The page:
I return private yachts to repo when the owners do not meet their loan obligations



  • Ken Cage retains ownership of high-end luxury assets such as yachts and planes, whose owners have defaulted on their loans.
  • Since 2005, Cage’s team has reclaimed 2,000 boats, some of which cost up to $ 20 million.
  • This is what his work looks like, as told by freelance writer Jenny Powers.
  • See more stories on the Insider business page

I first met my buddy Bob Weeks when we were 10, growing up in the suburbs of Philadelphia. Now, nearly five decades later, we are in a joint business taking yachts and private jets across the country.

Our job is to track down high-value assets from people who have defaulted on their bank loans. We are, after all, the bank’s last resort. When a bank calls me and formalizes a repo agreement, it means that they have exhausted all their internal efforts – their automatic reminders, follow-up phone calls, overdue letters and administrative attempts to repay the money were largely ignored by the borrower.

I usually arrive 60-65 days after the expired mark.

Ken Cage's yacht repo

90ft yacht from one of Cage’s repo.

Courtesy of Ken Cage

Once my repo team connects, it’s time to take things up a notch. My job is to get the collateral in any way I can, service it, sell it to a third party and return the money to the bank. My company only charges between $ 400 and $ 1,000 for the actual restoration; our present payday comes from the sale of the asset itself. The standard commission of a yacht broker is 10%, but the rate decreases as the value of the yacht rises, and we conduct individual negotiations with our clients.

Since Bob and I bought an existing repo company based in Florida in 2005, we have taken back 2,000 boats and sold over half of them, from Trojan 32 ‘for $ 1000 1975 to Benetti 160’ + for $ 20 mln.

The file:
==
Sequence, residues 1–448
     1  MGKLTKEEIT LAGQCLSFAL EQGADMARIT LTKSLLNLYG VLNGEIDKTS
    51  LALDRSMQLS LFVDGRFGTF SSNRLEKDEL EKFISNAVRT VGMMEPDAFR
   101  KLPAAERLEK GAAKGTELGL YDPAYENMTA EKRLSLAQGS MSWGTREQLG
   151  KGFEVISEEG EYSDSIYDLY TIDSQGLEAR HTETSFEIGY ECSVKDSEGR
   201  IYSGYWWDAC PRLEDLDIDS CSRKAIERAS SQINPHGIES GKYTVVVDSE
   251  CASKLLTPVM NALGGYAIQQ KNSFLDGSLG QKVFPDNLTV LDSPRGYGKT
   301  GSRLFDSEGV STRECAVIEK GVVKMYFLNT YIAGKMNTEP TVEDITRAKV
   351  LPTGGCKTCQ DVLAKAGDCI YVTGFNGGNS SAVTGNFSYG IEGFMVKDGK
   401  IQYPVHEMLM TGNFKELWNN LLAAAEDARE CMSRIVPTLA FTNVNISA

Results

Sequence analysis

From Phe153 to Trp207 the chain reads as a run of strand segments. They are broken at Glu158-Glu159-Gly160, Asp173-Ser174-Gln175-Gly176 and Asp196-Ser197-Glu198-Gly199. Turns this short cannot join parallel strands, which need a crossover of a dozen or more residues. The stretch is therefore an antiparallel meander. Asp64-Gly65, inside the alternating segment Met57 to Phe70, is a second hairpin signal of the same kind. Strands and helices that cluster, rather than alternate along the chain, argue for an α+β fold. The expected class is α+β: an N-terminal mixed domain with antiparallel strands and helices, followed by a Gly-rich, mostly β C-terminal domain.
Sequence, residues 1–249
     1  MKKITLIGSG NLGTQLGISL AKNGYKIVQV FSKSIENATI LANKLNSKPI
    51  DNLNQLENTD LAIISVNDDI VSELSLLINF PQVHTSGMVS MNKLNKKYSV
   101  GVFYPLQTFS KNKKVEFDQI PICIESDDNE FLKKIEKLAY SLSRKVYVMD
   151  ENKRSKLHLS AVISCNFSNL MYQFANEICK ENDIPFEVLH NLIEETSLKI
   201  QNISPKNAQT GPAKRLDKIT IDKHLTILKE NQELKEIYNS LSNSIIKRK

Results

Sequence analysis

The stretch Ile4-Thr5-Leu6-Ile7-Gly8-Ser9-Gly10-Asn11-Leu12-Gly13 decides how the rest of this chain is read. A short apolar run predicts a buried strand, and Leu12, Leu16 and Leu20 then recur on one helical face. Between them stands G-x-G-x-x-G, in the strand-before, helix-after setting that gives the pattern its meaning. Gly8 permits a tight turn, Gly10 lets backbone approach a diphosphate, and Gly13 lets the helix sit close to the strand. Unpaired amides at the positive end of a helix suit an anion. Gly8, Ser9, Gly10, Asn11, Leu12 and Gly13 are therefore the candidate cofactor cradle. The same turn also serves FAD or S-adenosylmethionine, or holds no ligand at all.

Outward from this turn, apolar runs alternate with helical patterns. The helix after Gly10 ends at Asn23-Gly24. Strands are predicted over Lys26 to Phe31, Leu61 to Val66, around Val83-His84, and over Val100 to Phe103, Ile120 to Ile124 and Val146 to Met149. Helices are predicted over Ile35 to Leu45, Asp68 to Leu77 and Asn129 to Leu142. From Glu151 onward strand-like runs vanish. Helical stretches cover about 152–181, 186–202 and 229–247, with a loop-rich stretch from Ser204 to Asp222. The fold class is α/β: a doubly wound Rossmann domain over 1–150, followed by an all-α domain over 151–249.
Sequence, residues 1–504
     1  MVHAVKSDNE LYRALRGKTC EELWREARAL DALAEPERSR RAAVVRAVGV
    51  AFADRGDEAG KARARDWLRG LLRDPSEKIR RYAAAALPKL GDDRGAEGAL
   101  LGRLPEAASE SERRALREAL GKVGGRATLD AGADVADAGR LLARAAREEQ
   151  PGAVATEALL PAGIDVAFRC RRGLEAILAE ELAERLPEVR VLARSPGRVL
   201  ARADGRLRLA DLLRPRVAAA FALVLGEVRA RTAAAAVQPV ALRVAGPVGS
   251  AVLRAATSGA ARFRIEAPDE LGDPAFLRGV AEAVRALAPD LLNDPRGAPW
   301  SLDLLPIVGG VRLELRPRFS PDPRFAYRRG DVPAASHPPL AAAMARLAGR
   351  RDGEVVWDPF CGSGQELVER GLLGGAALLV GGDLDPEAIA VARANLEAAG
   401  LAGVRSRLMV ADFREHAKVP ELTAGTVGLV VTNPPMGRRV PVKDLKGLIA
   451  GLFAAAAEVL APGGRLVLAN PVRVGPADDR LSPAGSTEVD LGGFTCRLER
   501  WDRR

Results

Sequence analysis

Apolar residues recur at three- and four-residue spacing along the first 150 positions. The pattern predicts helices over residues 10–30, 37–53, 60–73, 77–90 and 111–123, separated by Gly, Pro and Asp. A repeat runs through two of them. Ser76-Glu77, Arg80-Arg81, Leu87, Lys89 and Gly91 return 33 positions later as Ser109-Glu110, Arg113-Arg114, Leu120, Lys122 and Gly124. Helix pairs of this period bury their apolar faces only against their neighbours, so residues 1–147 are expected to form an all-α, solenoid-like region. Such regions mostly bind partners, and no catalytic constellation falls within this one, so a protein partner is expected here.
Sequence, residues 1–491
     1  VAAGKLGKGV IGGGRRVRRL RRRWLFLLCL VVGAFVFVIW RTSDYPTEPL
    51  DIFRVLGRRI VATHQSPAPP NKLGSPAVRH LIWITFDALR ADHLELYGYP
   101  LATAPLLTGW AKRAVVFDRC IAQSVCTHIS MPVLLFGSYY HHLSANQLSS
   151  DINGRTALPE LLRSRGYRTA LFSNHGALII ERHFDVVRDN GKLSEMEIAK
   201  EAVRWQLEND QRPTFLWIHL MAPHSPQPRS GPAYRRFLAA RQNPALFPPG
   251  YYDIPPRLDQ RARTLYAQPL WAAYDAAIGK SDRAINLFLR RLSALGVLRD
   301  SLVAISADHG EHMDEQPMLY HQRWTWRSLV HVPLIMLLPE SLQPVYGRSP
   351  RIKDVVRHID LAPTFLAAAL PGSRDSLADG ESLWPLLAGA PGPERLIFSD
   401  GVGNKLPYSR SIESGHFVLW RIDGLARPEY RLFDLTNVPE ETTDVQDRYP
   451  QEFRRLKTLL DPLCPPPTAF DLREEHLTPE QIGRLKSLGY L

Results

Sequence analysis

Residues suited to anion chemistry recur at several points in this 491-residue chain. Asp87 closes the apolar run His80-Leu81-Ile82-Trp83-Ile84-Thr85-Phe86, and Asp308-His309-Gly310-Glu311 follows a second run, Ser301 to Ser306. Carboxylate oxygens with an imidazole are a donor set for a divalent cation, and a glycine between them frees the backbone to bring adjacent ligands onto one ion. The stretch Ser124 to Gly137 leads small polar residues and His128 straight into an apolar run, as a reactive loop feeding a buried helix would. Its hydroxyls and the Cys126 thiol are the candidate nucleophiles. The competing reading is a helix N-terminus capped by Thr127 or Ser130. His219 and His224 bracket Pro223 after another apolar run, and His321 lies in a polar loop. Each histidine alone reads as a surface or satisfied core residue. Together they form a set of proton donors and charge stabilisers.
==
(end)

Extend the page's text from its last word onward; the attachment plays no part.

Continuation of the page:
In most cases, when a bank provides us with a repo agreement, they provide very few details.

Removing the cables from the dock to pick up the boat.  Ken Cage

Removing the cables from the dock to pick up the boat.

Courtesy of Ken Cage

We usually get the name and last known address of the debtor, as well as the year, make and model of the boat, as well as the hull ID or VIN number. The rest is up to us.

Banks can also open repo agreements for several repo companies at the same time, which makes our job even more difficult, because then there is a race for who can find the asset and make the repo first.

This happened to me and my partner, Danny Thompson, when we were on the Discovery Channel’s Airplane Repo in 2014. We were taking back ownership of a custom built yacht for $ 3 million when another repo team showed up and started towing the boat with us on it. Danny managed to cut the towline and I drove the boat away, leaving the rest of the repo guys behind us. This work alone earned us a commission of $ 300,000.

For each repo, we start with an online search in government registries. We also check the history of the US Coast Guard, which provides information on the chain of ownership and any yacht name changes. Then we start calling. Sometimes we can find a boat with just one call thanks to local spotters across the country who are tracking us.

After all, I’m not here to embarrass anyone – I’m here to get the bank’s assets back.

Ken Cage Azimuth Yacht.

Repo “Azimut”.

Courtesy of Ken Cage

When I meet face to face with a debtor, I always tell them that no one should know why I am here. I don’t care, they can tell outsiders that I buy a boat from them and they rob me. If they cooperate, they can save face. It’s all about getting into their egos. One guy even helped me by hooking up his repo boat so it doesn’t look bad.

Often, deep down, debtors are simply relieved that it’s over; they know it’s only a matter of time before we catch up with them. But there are warlike types who are ready to fight. I had a guy in the Chesapeake Bay area of ​​Maryland who chained his boat’s propeller to the dock in hopes of damaging it as a final shot down the shore.

Over the years, I have raced at high speed at sea and land and dodged booby traps set up by angry debtors.

Ken Cage's yacht repo

Cage drives a rep yacht and rides a jet ski in search of another yacht.

Courtesy of Ken Cage

I dealt with professional athletes, twice my size, who wanted to fight me, drunk, shooting a shovel in my head, they shot at him, whatever.

Despite the fact that boats surround me, I never had one because I did not have time to enjoy it. From 2005 to 2012, I was on the road about 250 days a year. But now that my four kids are older, we are about to get a 24-30 foot fun family boat. One thing I know for sure: I will pay for it in cash.


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